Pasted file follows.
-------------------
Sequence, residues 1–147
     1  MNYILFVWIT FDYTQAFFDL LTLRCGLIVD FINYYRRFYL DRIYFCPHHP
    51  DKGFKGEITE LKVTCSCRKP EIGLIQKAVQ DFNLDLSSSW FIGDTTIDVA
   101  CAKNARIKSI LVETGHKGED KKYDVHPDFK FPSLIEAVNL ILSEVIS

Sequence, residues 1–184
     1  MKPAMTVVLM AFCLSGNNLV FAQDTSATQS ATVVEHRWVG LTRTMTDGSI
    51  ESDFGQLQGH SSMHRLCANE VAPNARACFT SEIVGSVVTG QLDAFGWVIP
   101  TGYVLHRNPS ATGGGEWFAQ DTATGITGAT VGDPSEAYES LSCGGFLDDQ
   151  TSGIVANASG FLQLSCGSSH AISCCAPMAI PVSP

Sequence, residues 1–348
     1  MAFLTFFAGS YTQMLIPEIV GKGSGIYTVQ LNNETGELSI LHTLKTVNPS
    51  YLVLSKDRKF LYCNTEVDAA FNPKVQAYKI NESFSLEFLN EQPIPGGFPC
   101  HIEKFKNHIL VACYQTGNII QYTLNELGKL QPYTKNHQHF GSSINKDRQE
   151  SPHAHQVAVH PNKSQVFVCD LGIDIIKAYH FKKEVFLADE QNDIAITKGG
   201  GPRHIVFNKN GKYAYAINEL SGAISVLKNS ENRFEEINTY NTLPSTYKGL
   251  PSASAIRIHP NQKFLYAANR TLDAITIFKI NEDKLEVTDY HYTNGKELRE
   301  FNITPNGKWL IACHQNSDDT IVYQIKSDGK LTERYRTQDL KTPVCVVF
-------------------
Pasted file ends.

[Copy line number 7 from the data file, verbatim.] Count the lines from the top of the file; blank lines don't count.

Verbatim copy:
    51  ESDFGQLQGH SSMHRLCANE VAPNARACFT SEIVGSVVTG QLDAFGWVIP